April is Financial Literacy Month! This is a good opportunity to set aside some time to talk to your child(ren) about finances. Teaching children the value of money now, can help set them up for a healthy financial future. Here are some tips:

Start Early
It’s a common misconception to think that money management may be too much for younger children. The truth is the early years are a great time to teach the concept of money and the value of saving. Make it fun, take your child with you to open a savings account and to deposit money. Show them how their money has grown. Teach them that money is earned, how it is spent and the difference between needs and wants.

Use Real Life Scenarios
Sometimes it’s easier to learn by example. Take advantage of real-life scenarios to teach the value of a dollar. Take your children grocery shopping and show them how to compare prices or use coupons to save. Make it a game and have them guess the prices so they can start to learn some basic costs. Planning a trip? Show them the costs associated with it. Go through the price of transportation, lodging and activities. Once they see the costs, they may appreciate it that much more!

Give Them Opportunities
Giving kids the opportunity to earn some real money can help teach them the value of a dollar. For younger kids, give them an opportunity to earn money (maybe offering a few dollars to help a family member clean the house or weed the garden). For older kids encourage them to look for small job opportunities where they can earn money like shoveling snow or mowing lawns. Show them the costs of items they may want and teach them to take what they earned and save.

Help Prepare for the Future
If you have a teenager, help prepare them for the future. Discuss goals, debt and building credit. Help them build a budget after they get a first job or how to plan their weekly finances if they are heading to college.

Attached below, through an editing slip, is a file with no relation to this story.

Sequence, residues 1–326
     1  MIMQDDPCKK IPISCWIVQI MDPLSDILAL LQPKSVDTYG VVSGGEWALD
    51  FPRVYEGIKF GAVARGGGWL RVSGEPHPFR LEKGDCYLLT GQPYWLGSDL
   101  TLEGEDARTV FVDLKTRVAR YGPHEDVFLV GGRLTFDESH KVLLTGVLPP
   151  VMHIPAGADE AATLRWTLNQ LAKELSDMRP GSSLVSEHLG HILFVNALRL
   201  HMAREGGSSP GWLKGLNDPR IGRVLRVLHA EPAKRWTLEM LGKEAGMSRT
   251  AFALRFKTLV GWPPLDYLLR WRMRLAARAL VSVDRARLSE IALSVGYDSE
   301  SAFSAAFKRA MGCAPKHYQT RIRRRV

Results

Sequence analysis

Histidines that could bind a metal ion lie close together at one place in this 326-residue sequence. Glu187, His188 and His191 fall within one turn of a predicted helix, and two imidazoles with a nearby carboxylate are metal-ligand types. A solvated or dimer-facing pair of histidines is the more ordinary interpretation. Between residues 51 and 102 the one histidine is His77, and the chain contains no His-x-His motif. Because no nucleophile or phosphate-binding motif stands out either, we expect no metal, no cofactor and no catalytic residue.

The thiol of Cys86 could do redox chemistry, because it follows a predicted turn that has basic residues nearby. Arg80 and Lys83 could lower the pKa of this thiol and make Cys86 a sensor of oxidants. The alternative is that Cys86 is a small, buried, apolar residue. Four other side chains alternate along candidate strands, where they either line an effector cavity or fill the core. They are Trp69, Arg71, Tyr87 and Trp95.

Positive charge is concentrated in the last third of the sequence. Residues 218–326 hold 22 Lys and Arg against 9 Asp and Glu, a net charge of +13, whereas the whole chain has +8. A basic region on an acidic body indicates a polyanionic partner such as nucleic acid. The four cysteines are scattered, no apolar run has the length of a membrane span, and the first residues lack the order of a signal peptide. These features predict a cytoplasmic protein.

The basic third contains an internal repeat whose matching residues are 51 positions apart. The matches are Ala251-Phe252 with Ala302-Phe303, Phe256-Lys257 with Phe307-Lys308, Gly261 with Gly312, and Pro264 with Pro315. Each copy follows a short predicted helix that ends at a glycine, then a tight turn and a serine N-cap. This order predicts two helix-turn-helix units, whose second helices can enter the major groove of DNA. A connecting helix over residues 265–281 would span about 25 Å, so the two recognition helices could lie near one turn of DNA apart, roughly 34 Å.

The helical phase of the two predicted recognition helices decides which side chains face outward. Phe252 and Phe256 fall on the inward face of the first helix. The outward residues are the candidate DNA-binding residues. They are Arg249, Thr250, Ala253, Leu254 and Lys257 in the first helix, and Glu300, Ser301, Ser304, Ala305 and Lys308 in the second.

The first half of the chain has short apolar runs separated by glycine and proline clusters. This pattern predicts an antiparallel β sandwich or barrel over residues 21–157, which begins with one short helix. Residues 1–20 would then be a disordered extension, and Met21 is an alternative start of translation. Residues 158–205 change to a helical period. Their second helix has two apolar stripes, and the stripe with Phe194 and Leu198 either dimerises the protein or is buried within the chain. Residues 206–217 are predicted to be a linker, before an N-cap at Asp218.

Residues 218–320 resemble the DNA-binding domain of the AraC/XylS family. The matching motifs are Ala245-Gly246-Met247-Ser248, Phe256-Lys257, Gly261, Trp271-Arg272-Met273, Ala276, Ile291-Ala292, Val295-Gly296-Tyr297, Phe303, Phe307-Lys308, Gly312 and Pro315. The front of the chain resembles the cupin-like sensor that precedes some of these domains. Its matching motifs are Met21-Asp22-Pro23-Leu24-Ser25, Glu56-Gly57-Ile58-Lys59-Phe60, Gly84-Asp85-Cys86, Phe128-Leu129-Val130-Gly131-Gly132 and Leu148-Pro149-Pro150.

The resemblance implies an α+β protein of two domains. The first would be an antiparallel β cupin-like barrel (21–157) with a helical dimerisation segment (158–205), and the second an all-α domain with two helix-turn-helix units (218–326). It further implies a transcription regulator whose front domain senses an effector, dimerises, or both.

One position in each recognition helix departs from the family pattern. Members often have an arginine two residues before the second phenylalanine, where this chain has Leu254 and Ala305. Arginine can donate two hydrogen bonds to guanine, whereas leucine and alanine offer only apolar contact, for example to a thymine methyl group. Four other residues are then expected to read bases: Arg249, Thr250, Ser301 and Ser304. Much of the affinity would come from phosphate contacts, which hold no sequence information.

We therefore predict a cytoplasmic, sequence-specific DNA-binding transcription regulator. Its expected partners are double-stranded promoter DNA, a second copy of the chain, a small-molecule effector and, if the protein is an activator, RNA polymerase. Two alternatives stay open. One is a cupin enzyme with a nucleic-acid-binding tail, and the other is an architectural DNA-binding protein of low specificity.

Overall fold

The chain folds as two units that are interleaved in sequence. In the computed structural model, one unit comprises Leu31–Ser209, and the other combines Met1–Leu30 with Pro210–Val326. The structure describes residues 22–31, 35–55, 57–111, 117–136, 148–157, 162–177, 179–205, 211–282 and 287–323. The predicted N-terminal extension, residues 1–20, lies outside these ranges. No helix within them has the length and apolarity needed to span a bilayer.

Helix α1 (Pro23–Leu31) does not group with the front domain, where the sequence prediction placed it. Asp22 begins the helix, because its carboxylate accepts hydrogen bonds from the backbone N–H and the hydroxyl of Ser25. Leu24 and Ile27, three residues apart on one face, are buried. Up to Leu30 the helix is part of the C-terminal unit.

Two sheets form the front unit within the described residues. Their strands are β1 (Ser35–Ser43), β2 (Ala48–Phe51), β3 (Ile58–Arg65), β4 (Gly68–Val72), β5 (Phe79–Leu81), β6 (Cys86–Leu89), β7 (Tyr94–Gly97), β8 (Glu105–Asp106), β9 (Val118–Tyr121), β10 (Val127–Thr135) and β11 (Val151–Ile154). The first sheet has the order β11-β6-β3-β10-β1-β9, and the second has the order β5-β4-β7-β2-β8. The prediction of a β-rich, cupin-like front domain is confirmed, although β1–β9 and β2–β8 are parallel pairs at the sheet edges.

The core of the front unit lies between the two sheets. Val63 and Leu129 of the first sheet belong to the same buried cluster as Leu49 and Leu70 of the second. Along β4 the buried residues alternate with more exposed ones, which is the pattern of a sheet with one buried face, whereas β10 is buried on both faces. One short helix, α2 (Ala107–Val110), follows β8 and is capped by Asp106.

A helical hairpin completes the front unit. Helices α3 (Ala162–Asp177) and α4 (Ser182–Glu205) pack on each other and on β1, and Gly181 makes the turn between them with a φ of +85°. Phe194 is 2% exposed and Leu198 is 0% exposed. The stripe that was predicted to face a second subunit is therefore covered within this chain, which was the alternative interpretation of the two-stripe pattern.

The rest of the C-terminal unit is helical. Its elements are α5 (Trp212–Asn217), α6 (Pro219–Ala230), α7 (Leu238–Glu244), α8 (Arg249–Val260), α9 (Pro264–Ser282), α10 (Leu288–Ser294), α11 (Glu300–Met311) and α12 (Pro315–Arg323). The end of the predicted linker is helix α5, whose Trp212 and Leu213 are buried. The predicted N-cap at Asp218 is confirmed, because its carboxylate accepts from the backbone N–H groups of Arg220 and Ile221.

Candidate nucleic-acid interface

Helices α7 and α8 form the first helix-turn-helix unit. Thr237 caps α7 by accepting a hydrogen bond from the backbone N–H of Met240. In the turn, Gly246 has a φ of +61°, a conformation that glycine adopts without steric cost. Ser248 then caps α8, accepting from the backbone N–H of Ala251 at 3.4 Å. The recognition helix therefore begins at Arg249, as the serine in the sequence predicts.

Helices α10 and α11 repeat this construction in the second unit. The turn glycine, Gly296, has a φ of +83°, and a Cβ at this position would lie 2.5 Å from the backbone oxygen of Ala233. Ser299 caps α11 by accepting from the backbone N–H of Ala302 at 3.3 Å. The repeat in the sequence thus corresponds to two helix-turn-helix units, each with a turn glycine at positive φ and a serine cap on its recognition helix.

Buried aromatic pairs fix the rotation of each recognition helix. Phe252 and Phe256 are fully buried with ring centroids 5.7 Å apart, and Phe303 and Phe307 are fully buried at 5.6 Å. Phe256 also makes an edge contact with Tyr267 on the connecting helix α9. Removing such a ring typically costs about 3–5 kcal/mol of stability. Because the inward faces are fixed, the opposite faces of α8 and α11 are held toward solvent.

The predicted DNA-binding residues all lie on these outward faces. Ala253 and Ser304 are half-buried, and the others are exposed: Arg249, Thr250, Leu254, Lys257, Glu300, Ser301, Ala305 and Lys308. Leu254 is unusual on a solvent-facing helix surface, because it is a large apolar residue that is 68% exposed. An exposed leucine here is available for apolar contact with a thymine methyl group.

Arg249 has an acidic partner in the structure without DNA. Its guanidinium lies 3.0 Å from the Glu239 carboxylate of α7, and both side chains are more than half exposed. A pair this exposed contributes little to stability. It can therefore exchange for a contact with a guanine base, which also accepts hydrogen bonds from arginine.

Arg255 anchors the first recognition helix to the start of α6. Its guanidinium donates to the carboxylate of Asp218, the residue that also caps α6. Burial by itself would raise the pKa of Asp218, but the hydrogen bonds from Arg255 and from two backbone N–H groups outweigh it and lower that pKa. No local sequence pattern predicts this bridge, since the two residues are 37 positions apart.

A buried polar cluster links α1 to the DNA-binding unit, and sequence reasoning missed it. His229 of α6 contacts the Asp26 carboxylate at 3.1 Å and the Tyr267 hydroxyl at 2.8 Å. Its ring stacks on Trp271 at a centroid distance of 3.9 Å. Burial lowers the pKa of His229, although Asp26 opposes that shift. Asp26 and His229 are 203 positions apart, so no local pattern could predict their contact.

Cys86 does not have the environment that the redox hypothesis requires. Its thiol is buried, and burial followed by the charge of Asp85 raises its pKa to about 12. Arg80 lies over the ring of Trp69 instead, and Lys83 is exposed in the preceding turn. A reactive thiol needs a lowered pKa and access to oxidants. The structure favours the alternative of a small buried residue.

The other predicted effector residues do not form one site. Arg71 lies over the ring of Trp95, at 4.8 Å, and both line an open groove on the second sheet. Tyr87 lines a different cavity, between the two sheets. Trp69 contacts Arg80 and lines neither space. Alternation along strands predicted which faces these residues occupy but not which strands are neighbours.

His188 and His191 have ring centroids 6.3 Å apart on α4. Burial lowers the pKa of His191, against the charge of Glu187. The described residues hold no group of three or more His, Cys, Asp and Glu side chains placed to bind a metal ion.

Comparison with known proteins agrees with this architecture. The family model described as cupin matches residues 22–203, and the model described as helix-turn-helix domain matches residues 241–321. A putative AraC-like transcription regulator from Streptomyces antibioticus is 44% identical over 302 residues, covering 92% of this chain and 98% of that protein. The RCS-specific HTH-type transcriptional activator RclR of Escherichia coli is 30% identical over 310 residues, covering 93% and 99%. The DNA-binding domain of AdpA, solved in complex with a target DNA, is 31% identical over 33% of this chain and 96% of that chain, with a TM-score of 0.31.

Don’t Stop
Once you start, keep the conversion going. Reserve some time each month to continue your conversation and take advantage of real world money lessons.

If your child does not yet have a bank account, consider opening an Early Advantage Savings Account with Sikorsky Credit Union. This account is available to our younger members, infants up to age 25 and it pays a higher rate of return on the first $5,000.* Learn more

* APY = Annual Percentage Yield.  APYs are effective 4/1/21 and subject to change. Balances from $5000.01 and over will earn 0.15%.  Rates subject to change. To open an Early Advantage Account, the primary account holder must be under 25 years of age.  Minors under the age of 13 require a parent or legal guardian as a joint owner on the account. Early Advantage Accounts require a minimum $5 opening deposit.  Limit one Early Advantage Account per eligible member.  Upon reaching 25 years of age, your Early Advantage Account will be closed and the funds transferred to your regular share savings account, earning rates applicable to such account. Fees could reduce earnings.